- Corticosteroids may affect growth rate in CHILDREN and teenagers in some cases. They may need regular growth checks while they use hydrocortisone cream.
- Hydrocortisone cream should not be used in CHILDREN; safety and effectiveness in children have not been confirmed.
- PREGNANCY and BREAST-FEEDING: If you become pregnant, contact your doctor. You will need to discuss the benefits and risks of using hydrocortisone cream while you are pregnant. It is not known if hydrocortisone cream is found in breast milk after topical use. If you are or will be breast-feeding while you use hydrocortisone cream, check with your doctor. Discuss any possible risks to your baby.
Possible side effects of hydrocortisone cream:
All medicines may cause side effects, but many people have no, or minor, side effects. Check with your doctor if any of these most COMMON side effects persist or become bothersome:
Seek medical attention right away if any of these SEVERE side effects occur:
Burning, dryness, itching, or mild skin irritation.
Severe allergic reactions (rash; hives; itching; difficulty breathing; tightness in the chest; swelling of the mouth, face, lips, or tongue); acne-like rash; excessive hair growth; inflamed hair follicles; inflammation around the mouth; itching, burning, pain, redness, or swelling of the skin not present before using hydrocortisone cream; muscle weakness; symptoms of high blood sugar (eg, increased thirst, hunger, or urination; confusion; unusual drowsiness; flushing; rapid breathing); thinning, softening, or discoloration of the skin; unusual weight gain, especially in the face.
This is not a complete list of all side effects that may occur. If you have questions about side effects, contact your health care provider. Call your doctor for medical advice about side effects. To report side effects to the appropriate agency, please read the Guide to Reporting Problems to FDA.
If OVERDOSE is suspected:
Contact 1-800-222-1222 (the American Association of Poison Control Centers), your local poison control center, or emergency room immediately.Proper storage of hydrocortisone cream:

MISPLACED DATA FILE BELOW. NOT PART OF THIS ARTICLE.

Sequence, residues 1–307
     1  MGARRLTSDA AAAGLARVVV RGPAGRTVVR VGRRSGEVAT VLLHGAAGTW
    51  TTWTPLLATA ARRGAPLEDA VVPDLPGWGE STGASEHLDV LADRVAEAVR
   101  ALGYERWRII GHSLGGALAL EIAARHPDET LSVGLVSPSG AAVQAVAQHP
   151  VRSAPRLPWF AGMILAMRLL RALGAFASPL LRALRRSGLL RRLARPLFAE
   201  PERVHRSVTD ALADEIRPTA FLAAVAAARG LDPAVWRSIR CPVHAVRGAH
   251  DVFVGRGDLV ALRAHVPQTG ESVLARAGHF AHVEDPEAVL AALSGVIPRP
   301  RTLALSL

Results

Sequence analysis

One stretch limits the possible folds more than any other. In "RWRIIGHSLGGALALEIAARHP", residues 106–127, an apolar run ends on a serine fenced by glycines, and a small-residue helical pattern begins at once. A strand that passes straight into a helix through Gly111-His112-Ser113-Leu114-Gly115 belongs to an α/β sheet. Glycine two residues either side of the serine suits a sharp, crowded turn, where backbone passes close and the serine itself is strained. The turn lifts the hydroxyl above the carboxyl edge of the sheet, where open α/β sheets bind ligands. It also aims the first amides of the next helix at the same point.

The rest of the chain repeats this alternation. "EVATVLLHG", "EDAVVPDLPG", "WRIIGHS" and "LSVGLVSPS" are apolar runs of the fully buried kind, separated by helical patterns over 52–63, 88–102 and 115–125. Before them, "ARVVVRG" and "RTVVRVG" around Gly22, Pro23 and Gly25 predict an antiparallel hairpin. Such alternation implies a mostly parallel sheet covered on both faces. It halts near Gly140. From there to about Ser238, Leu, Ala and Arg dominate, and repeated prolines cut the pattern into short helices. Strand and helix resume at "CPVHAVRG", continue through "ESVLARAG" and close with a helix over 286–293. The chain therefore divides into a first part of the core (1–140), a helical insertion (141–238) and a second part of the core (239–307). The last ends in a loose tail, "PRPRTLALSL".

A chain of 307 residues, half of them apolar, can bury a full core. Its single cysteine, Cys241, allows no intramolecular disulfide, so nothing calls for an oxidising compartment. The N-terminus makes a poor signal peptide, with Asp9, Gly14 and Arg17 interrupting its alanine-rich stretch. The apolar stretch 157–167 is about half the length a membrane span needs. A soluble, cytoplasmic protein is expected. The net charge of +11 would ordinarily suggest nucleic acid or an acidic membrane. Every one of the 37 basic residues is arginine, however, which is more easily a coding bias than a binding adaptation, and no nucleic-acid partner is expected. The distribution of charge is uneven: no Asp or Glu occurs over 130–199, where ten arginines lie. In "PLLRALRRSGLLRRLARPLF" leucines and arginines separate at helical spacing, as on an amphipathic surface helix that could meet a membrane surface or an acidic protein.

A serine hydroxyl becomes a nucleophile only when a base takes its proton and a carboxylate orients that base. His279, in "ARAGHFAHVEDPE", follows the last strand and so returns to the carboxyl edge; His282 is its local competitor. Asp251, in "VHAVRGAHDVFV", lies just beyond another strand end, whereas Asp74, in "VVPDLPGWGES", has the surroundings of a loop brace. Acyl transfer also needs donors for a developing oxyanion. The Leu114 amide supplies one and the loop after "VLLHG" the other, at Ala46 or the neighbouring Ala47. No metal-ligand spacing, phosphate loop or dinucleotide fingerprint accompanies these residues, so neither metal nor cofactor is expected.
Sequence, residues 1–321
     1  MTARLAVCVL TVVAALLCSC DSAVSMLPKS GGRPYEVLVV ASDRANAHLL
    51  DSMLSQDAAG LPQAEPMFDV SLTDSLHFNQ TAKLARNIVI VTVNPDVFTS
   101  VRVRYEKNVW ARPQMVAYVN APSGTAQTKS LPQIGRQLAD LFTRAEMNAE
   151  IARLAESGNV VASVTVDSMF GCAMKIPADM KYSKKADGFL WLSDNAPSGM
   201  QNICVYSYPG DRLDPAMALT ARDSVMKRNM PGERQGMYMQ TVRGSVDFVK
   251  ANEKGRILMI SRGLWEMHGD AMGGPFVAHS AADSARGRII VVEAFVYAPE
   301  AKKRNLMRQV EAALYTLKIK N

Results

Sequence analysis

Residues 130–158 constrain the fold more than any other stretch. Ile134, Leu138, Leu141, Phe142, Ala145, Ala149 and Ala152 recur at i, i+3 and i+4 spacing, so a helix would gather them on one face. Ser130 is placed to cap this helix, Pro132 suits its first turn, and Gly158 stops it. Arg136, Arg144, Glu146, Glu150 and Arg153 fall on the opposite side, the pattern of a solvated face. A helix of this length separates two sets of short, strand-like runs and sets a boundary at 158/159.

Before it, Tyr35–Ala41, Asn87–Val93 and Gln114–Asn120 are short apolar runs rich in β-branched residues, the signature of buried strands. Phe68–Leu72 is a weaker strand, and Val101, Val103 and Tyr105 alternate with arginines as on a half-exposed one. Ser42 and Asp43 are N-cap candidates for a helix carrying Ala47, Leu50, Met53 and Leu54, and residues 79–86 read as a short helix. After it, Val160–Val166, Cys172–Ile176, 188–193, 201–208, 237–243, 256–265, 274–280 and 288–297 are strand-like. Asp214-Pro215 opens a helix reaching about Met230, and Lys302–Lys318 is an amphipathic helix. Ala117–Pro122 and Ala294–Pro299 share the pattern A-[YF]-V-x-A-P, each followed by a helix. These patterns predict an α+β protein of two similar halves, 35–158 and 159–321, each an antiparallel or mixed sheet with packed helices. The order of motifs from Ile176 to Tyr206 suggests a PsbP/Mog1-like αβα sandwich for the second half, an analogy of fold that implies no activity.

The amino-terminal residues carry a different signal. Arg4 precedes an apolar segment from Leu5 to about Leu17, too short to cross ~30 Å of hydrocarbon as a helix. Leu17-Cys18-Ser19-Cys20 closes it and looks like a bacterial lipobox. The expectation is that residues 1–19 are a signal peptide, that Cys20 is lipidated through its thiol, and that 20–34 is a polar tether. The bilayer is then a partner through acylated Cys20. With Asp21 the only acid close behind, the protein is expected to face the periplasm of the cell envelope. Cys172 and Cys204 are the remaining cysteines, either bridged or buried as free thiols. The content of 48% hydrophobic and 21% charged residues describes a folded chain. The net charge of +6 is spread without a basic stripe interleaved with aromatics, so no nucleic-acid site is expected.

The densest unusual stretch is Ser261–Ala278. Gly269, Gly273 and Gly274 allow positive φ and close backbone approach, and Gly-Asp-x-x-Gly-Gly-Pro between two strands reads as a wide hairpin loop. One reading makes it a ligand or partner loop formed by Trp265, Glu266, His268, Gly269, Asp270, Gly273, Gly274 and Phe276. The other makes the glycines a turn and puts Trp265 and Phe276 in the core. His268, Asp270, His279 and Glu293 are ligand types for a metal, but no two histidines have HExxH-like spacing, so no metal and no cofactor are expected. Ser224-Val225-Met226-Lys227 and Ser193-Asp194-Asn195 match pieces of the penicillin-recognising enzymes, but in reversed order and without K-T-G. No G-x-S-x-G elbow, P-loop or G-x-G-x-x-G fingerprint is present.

Store hydrocortisone cream at room temperature, between 59 and 77 degrees F (15 and 25 degrees C). Store away from heat, moisture, and light. Do not store in the bathroom. Keep hydrocortisone cream out of the reach of children and away from pets.
- If you have any questions about hydrocortisone cream, please talk with your doctor, pharmacist, or other health care provider.
- Hydrocortisone cream is to be used only by the patient for whom it is prescribed. Do not share it with other people.
- If your symptoms do not improve or if they become worse, check with your doctor.
- Check with your pharmacist about how to dispose of unused medicine.
This information should not be used to decide whether or not to take hydrocortisone cream or any other medicine. Only your health care provider has the knowledge and training to decide which medicines are right for you. This information does not endorse any medicine as safe, effective, or approved for treating any patient or health condition. This is only a brief summary of general information about hydrocortisone cream. It does NOT include all information about the possible uses, directions, warnings, precautions, interactions, adverse effects, or risks that may apply to hydrocortisone cream. This information is not specific medical advice and does not replace information you receive from your health care provider. You must talk with your healthcare provider for complete information about the risks and benefits of using hydrocortisone cream.
Disclaimer: This information should not be used to decide whether or not to take this medicine or any other medicine. Only your health care provider has the knowledge and training to decide which medicines are right for you. This information does not endorse any medicine as safe, effective, or approved for treating any patient or health condition. This is only a brief summary of general information about this medicine. It does NOT include all information about the possible uses, directions, warnings, precautions, interactions, adverse effects, or risks that may apply to this medicine. This information is not specific medical advice and does not replace information you receive from your health care provider. You must talk with your healthcare provider for complete information about the risks and benefits of using this medicine.